london several decades ago. >> i am amazed i don't get to see a king james bible every day. >> from that era. >> well, this is super. >> you notice something about this, is the paper, how fresh and pliable the paper is. >> yeah, paper has not improved overtime paper manufacture until the late 19th century was almost entirely made from linen and cotton rags. there was no other way, paper lasts longer than modern paper. >> that is why there is guilt. >> that's right it prevents dust from settling. >> king james bible. steve from sonoma, coming down
were here two years ago boris let's find out what you have in your sack for us. >> okay glad to do it i just want to make one point hugh we are antiquarian book dealers and did define an anti ware january book roughly as 100 years old but we have many books among our exhibitors that are much newer than that a rare book could be stein beck we have steinbeck and faulkner. >> and sax romer. >> that is my interest. >> it is not just for the oldies and moldies which interests me i brought one here this is a mexican print because i am a specialist in mexico and this book is bound in vellum the lining to of a sheep or cow's stomach and one of the
toughest materials known it never deteriorates, and it just is a wonderful binding material they should use it still in my opinion. >> hear that crackle. >> that's right. this is the fine linen rag paper. this is meant for a priest, is printed in mexico 1750 and meant for a priest and the unusual thing about this book is it is sermonthey are in the astec language so he could communicate with his congregation. >> i was going to ask you borrow that i am a little short for sunday but nowatle what does it sound like? can you read any of it? >> no and even the
pronunciation is a mouthful. >> is printed in roman or air back script. >> that's right arabic script. >> may i hold that? >> sure. >> it is surprisingly light. >> right and even when you are dealing with an old book, of come value, several thousand dollars they tend to handle, they are not so fragile it is maizing how durable and strong old books are. and that cannot be said of many thing that is are 300 years old, 250 years old that is a sturdy item. another thing i brought. >> face nateed. >> which i said i like the oldies and moldies. that is old. >> how old? >> 1750. >> this was not quite so old,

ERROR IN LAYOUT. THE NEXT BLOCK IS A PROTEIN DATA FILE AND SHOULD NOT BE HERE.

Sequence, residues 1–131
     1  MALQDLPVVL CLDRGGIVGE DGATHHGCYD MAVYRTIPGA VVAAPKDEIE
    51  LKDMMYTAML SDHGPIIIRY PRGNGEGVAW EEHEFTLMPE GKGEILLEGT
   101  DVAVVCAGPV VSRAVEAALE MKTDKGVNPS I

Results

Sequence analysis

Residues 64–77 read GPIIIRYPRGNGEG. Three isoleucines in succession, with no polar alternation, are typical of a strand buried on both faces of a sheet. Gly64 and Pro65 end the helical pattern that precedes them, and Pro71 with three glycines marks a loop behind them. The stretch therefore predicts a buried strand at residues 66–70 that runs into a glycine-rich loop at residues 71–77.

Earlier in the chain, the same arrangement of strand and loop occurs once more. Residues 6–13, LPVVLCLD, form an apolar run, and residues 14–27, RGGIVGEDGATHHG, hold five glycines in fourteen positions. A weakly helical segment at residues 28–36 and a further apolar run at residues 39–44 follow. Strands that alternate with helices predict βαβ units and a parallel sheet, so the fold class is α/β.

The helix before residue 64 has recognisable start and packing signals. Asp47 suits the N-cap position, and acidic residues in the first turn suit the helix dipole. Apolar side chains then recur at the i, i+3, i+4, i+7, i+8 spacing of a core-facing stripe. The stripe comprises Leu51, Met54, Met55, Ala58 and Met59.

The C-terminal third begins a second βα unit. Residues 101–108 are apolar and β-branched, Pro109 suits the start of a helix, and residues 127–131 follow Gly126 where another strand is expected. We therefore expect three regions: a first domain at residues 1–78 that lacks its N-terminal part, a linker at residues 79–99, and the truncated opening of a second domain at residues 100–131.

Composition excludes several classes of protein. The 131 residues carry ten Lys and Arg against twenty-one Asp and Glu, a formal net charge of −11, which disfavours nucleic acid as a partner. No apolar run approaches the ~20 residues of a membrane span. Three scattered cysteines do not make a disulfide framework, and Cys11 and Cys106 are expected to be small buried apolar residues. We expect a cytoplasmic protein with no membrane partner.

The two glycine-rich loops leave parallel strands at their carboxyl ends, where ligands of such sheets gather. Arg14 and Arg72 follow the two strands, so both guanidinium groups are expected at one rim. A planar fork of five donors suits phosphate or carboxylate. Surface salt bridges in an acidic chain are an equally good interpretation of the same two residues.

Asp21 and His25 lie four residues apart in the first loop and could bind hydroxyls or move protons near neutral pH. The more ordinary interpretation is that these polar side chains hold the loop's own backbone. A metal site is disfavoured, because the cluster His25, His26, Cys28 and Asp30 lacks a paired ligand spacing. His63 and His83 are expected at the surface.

1810, mexican book but there is a problem with this book and the problem is that a bookworm got ahold of it before i could and we hear about bookworms, and well, what is a bookworm, i didn't think they existed i thought they were a figment of someone's imagination but they are not they did exist they are quite real. >> there are holes in the pages. >> there are holes in the pages not only holes almost becoming lace at a certain point because a book work has gotten into the book and eaten. >> yeah, you can see. >> eaten the paper. >> pretty design. >> it is a pretty design. >> so unfortunately, the presence of the bookworm not there any more thank god because it would be a serious problem in my collection if i had a live book work. >> do you know what they look like? >> i don't i have never seen one.
i have seen their trails. >> i have. >> okay. >> well, it is a small -- very small worm about the size of a silver fish or a little smaller they love the glue and the backs of the bindings they are often where they eat in the gutters. >> that's right. >> before we get on to john, where did you develop this love of mexican bookold mexican -- >> well, i grew up in new mexico, i am new mexican and the culture i have always liked the culture. so i had a shop for quite awhile and wanted to gradually specialize in what area what area should i specialize in, i had the spanish and i thought specializing in mexico would be a great opportunity to get into a field that no one really knew anything about. >> plus in the wintertime you get to go down.